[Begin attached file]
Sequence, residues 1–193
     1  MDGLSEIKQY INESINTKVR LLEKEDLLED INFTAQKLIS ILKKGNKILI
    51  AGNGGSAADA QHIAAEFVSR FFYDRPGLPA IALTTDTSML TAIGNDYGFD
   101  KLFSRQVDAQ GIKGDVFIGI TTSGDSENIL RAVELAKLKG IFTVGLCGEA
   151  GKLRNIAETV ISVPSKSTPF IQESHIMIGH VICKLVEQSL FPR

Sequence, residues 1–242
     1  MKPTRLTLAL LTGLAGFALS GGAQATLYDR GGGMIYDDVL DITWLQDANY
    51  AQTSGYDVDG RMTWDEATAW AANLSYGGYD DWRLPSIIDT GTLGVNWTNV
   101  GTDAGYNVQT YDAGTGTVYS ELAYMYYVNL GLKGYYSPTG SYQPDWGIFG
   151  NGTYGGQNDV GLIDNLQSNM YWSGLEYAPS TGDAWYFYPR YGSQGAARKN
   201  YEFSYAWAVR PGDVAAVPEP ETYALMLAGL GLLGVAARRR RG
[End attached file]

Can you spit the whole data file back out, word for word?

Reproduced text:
Sequence, residues 1–193
     1  MDGLSEIKQY INESINTKVR LLEKEDLLED INFTAQKLIS ILKKGNKILI
    51  AGNGGSAADA QHIAAEFVSR FFYDRPGLPA IALTTDTSML TAIGNDYGFD
   101  KLFSRQVDAQ GIKGDVFIGI TTSGDSENIL RAVELAKLKG IFTVGLCGEA
   151  GKLRNIAETV ISVPSKSTPF IQESHIMIGH VICKLVEQSL FPR

Sequence, residues 1–242
     1  MKPTRLTLAL LTGLAGFALS GGAQATLYDR GGGMIYDDVL DITWLQDANY
    51  AQTSGYDVDG RMTWDEATAW AANLSYGGYD DWRLPSIIDT GTLGVNWTNV
   101  GTDAGYNVQT YDAGTGTVYS ELAYMYYVNL GLKGYYSPTG SYQPDWGIFG
   151  NGTYGGQNDV GLIDNLQSNM YWSGLEYAPS TGDAWYFYPR YGSQGAARKN
   201  YEFSYAWAVR PGDVAAVPEP ETYALMLAGL GLLGVAARRR RG